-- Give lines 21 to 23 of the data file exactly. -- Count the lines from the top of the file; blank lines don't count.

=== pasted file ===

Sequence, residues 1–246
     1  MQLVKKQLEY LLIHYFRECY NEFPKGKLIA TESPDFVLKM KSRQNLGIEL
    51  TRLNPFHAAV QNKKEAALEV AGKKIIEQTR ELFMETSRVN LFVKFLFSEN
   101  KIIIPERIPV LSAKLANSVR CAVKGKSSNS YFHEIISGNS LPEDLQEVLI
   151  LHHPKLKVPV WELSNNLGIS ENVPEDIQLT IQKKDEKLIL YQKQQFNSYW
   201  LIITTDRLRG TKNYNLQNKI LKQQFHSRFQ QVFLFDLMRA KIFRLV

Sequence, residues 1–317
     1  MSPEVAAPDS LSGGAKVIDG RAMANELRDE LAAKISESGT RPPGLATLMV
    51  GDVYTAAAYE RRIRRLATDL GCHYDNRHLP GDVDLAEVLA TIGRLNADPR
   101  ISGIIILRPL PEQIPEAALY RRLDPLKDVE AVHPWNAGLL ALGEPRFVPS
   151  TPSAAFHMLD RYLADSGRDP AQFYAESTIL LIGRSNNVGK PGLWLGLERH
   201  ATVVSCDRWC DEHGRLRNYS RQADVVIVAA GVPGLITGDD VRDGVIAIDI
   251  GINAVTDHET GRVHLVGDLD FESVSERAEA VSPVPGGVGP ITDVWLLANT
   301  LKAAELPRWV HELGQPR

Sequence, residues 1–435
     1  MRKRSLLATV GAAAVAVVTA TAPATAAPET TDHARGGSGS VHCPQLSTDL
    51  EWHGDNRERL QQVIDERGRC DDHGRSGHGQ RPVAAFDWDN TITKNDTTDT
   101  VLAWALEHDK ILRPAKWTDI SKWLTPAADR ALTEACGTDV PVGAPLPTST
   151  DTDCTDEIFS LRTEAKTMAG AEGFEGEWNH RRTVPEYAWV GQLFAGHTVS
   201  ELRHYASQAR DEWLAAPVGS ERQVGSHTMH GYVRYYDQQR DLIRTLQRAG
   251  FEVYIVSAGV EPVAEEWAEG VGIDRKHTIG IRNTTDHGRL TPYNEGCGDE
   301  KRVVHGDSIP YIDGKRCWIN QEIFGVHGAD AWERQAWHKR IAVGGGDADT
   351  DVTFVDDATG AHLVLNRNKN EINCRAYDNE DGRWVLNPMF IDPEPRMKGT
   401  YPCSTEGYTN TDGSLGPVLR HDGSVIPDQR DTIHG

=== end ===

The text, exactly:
   251  FEVYIVSAGV EPVAEEWAEG VGIDRKHTIG IRNTTDHGRL TPYNEGCGDE
   301  KRVVHGDSIP YIDGKRCWIN QEIFGVHGAD AWERQAWHKR IAVGGGDADT
   351  DVTFVDDATG AHLVLNRNKN EINCRAYDNE DGRWVLNPMF IDPEPRMKGT